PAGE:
ActiveResource isn't a particularly well written library, nor is it easy to extend, modify and use. It doesn't support certain features that I've come to consider essential for a Rails POX/REST client, like pagination. The only nice things you can say about it are that it works for the most common cases, and that it ships with Rails. But you know what hackers say about sucky tools - 'Don't get mad; roll your own'. So I did.
I started working on Wrest a few months ago with the intention of creating a drop-in replacement for ActiveResource. The section of the Wrest README that talks about Wrest::Resource is actually a record of the features that we've discussed over the dining table that we wished ActiveResource had. However, as I hacked away on Wrest, I slowly came to realise that a good REST client needs to be a good HTTP client first.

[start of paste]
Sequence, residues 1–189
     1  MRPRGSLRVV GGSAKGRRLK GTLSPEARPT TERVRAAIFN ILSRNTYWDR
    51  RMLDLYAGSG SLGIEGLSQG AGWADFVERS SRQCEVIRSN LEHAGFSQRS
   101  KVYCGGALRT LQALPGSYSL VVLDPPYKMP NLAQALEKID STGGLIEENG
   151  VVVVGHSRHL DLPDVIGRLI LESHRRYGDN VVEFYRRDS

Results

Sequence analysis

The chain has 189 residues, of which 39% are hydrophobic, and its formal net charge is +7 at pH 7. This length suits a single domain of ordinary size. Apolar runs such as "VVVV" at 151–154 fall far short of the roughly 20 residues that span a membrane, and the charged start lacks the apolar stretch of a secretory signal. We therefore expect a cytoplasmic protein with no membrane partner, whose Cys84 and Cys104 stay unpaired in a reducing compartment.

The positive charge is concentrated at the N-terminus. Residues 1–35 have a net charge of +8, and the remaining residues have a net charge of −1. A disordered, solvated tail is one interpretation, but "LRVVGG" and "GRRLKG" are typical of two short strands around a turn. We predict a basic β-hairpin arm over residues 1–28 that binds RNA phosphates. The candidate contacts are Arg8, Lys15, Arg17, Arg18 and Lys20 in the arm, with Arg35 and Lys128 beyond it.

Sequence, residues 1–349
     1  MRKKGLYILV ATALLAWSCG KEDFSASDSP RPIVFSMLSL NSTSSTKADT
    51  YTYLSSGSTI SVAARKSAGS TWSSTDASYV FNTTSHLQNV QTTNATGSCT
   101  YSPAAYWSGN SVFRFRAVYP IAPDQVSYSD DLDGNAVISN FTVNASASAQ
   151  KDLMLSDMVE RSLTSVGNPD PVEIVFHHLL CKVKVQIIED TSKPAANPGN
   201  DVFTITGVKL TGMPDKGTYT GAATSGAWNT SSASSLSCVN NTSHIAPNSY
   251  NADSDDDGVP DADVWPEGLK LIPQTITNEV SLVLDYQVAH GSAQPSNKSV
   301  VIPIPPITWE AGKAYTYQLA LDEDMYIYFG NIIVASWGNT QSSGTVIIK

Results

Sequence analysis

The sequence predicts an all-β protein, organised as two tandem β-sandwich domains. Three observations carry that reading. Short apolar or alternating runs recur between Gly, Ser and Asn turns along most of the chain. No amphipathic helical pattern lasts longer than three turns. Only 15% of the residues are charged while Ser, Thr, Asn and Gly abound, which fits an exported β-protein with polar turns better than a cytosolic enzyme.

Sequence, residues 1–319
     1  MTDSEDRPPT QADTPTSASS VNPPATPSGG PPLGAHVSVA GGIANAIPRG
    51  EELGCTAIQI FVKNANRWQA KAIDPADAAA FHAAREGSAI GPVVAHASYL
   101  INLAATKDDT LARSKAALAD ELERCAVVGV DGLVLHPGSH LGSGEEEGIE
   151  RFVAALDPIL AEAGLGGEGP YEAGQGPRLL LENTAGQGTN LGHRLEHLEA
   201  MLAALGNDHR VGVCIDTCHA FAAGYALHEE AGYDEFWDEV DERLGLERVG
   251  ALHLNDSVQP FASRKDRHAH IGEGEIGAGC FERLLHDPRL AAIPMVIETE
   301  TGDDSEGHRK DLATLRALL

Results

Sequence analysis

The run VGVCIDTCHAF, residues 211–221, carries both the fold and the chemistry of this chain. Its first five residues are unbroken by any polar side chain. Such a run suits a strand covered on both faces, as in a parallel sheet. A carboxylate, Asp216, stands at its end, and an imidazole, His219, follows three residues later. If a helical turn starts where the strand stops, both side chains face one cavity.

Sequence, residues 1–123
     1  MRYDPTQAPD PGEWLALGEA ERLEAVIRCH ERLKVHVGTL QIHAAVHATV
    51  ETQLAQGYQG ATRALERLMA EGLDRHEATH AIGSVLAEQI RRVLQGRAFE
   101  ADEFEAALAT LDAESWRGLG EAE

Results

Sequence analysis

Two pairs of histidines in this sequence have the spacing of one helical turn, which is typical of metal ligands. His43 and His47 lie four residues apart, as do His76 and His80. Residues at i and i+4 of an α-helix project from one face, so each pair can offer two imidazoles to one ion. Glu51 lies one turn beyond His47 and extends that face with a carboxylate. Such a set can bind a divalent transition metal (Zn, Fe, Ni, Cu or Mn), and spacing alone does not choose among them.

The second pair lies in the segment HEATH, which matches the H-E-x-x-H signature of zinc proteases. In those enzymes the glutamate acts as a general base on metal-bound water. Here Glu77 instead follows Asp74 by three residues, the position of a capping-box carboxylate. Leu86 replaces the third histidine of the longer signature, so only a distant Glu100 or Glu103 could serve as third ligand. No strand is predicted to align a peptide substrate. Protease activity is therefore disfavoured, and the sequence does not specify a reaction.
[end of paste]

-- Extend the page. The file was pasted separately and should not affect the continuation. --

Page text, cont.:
I took a look at those that were popular at the time, but they didn't really appeal to my engineering aesthetic. They heavily favoured class/static methods and seemed to be geared toward command line usage rather than as a library. So I started to implement a clean, easy to use and well encapsulated HTTP library first, resulting in Wrest::Core; it is now ready for use and is sufficiently mature that I'm comfortable writing about it and inviting people to take it for a spin. It does need a few more features, but nothing that can't be added with a few hours worth of hacking. Wrest::Resource however, is still a work in progress, but some of its building blocks are already ready for use. You can see some examples here.
Wrest is available for installation through both RubyGems and as a Rails plugin via Git.
To get the gem, all you need to do is
(sudo) gem install wrest. If you want it as a Rails plugin, simply do
script/plugin install git://github.com/kaiwren/wrest.git.
Wrest runs on Ruby 1.8, 1.9 as well as JRuby.
Here is an example that shows how you can use the Delicious API using Wrest. If you can't see it (it's a github gist that needs js) you can see the original source here. You may also be interested in the Twitter example, which showcases a more complex scenario with ideas and features from Wrest::Resource.